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Music is moving quickly. So quickly, that Animal Collective will be working hard on putting clear blue water between themselves and Merriweather Post Pavilion. That is, before the inevitable occurs and they start getting accused of parodying themselves and/or imitating the music landscape they just created. While Baltimore's finest and Sun Airway - who hail from Philadelphia - currently share very different trajectories, the vapour trails left by their individual takes on hazy-but-hopeful electronica do criss-cross quite a bit. Whether this comparison is seen as a blessing or curse for Sun Airway will probably depend on the quality of their next record and how it sits among any further paradigmatic shifts in electronic music. For now, it's just useful. Useful for the band for obvious reasons, and useful for everyone else as a quality barometer.
It is fair to mention Animal Collective, or perhaps more precisely Panda Bear, in the context of this record. Nocturne Of Exploded Crystal Chandelier may have been recorded before ...Pavilion, but that matters less than the fact that it was made after Person Pitch. There are so many 'I <3 Noah Lennox' clues dotted about Nocturne: the anti-pop pop fearlessness; the layering and metronomic use of looped samples; vocals and repeated lyrics that often work in pretty much the same way; the almost complete absence of bottom-end bass and the tinny shrill that this absence leaves. As Panda Bear found, reducing the dominance of conventional bass-led rhythms lets other rhythmic structures create their own distinct moods. 'Waiting On You' - Nocturne's most immediately approachable track - uses Dntel digital snare taps and sleigh bells to produce a sound that's cold, but Christmas-hopeful and merry. 'Swallowed By The Night' is almost completely vocal-led, its soporific synthetic fabric providing the bed for lead singer Jon Barthmus' late-night lullaby. 'Shared Piano's opening piano loop tumbles then quickly climbs and really isn't far off 'Orinoco Flow' terrain.
Nocturne's pop-oriented feel may not possess quite the classical soul of Enya's delicate motifs, but her ability to construct weightless synthetic structures that take the listener airborne with them is imbued within it. Nocturne... is a strange beast. It's doesn't feel obsessed with nostalgia like chillwave can, but then some of its cues leave you scratching around childhood memories. Enya is one. Early Spiritualised is another. Opener 'Infinity's slow-moving morass of echo chamber synth and shoegaze floats along like Lazer Guided Melodies' 'Symphony Space'. Its basis is a sort of Nineties post-shoegaze pop that never allows itself to become unduly sombre, but has the 21st century confidence to give the listener something other than crafted, three minute Cocteau Twins songs. After prolonged exposure, Nocturne...'s eccentric title doesn't feel that far off. The warbling textural density and synthetic complexity of album highlight 'Put The Days Away' evokes a dream state, as delicate shards of fabricated rhythm come to resemble the glittering smithereens of broken glass.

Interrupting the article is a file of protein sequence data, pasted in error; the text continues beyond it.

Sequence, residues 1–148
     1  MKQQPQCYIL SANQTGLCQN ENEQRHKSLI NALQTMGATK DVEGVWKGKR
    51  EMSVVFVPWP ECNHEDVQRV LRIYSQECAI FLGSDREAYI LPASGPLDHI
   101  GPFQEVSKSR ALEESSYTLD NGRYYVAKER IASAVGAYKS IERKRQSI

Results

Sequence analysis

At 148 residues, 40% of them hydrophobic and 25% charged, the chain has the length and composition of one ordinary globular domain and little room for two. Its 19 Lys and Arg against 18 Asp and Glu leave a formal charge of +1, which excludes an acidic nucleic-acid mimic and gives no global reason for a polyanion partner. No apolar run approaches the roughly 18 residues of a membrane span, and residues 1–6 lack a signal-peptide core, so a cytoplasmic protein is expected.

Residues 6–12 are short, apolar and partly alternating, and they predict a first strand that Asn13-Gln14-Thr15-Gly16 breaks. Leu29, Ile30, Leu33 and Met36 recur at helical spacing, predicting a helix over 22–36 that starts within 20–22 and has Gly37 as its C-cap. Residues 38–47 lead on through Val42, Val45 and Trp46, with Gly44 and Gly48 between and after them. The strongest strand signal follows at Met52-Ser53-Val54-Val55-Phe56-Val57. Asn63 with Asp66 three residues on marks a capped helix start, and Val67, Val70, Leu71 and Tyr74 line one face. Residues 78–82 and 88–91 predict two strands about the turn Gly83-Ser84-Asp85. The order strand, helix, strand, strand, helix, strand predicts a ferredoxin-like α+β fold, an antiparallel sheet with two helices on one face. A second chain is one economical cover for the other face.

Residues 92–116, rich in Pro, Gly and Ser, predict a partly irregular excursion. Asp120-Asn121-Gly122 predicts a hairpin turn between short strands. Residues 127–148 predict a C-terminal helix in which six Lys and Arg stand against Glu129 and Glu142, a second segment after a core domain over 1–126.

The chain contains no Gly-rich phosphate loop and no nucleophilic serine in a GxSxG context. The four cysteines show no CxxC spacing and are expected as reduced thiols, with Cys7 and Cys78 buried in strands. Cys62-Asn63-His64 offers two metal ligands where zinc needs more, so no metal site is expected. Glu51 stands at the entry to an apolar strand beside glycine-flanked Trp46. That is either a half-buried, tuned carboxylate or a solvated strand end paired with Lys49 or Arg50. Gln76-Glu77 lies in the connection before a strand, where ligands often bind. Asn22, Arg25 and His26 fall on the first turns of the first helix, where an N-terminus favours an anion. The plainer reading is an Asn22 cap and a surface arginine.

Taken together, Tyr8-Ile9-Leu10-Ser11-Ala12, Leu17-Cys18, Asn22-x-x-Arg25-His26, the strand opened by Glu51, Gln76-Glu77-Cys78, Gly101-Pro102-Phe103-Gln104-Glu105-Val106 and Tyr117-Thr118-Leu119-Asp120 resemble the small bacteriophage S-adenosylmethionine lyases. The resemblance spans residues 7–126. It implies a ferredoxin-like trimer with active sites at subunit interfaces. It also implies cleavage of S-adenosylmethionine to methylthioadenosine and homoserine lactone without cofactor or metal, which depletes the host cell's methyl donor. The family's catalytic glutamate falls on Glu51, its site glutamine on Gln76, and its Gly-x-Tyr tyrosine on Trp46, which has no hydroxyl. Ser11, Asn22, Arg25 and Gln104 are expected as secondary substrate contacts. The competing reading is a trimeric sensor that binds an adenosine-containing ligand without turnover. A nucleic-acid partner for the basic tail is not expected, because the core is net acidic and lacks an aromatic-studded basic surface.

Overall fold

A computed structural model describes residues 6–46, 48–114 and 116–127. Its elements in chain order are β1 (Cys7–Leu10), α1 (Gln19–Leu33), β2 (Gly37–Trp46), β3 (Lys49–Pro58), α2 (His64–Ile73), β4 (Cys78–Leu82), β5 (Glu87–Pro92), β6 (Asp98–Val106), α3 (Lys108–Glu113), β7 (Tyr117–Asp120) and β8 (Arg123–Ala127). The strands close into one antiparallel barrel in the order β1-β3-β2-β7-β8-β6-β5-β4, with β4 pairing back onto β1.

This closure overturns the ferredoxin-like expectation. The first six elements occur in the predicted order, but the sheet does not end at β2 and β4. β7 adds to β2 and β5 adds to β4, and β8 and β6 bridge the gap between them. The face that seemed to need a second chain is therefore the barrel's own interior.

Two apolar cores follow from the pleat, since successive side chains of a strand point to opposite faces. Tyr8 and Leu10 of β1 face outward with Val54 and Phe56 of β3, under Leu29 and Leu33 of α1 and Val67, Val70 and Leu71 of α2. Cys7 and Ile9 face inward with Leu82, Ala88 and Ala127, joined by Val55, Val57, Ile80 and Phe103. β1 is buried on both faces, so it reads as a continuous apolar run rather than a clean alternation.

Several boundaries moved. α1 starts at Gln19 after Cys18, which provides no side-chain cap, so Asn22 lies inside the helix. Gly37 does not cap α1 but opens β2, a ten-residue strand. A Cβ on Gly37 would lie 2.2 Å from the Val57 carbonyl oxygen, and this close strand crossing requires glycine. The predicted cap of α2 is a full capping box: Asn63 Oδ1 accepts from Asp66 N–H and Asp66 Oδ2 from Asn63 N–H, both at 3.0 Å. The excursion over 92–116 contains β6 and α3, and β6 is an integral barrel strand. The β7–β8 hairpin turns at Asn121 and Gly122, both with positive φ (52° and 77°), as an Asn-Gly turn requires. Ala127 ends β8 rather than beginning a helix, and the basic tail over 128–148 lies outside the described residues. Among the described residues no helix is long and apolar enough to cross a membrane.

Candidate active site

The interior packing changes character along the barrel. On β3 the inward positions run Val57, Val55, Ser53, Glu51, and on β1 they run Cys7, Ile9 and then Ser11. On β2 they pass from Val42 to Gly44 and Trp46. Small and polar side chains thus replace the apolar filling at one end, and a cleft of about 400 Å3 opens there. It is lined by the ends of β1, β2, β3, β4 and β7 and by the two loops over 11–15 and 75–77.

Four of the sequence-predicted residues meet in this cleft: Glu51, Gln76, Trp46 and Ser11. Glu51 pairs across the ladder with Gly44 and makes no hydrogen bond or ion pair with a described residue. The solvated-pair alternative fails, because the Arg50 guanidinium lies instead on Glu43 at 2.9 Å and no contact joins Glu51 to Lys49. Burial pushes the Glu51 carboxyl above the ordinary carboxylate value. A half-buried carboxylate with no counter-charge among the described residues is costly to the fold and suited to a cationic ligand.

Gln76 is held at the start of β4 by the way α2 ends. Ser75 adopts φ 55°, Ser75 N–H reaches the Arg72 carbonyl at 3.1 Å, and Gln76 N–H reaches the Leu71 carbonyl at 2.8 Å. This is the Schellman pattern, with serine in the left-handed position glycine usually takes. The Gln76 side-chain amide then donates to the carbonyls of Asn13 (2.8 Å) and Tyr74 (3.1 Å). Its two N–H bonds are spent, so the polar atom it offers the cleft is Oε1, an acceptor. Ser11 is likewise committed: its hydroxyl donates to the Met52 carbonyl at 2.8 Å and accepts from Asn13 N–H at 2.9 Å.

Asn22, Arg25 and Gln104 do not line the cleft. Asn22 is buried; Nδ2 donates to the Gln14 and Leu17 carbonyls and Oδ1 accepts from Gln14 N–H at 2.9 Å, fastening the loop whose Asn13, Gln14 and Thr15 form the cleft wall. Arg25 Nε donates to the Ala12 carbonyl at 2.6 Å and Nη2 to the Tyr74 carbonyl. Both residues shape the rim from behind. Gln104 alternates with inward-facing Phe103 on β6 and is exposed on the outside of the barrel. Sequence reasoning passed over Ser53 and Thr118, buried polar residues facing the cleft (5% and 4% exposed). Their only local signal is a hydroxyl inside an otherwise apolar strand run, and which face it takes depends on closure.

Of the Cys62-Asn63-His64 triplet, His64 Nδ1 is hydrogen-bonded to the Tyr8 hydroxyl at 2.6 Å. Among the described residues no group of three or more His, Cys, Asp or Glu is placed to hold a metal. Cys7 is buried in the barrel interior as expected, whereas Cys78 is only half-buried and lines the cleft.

It's not all as good as this. Occasionally Nocturne... is almost too inoffensive to provoke any interest beyond how pretty and/or 'dreamy' it sounds. Some tracks are too limited in their capacity to get you hooked on anything, be it melody, meaning or mood ('Your Moon', 'Five Years'). And Barthmus' lyrics don't always feel as convincing as they could be. There's certainly more to grasp onto during the subtly elegiac 'Waiting On You' than at other times where shorthand mysticism comes before real-life tangibility or something lyrically of more substance. And lyrical repetition is OK, so long as the repetition serves to accentuate something worthy and not just because that's what Panda Bear did. The slightly disappointing 'Five Years' closes the record by repeating the same pretty meaningless line 24 times. Too much, chaps.
It'd be interesting to hear this record without vocals. It feels like there are more synthetic things of interest here. There are significantly less organic things - lyrics, sentiments, meaning - that will keep you coming back. And that's a shame. But it leaves something for the Philadelphians to work on. And that's no bad position to be in. Look at Animal Collective. They've been doing it for years. Question is: can Sun Airway keep up?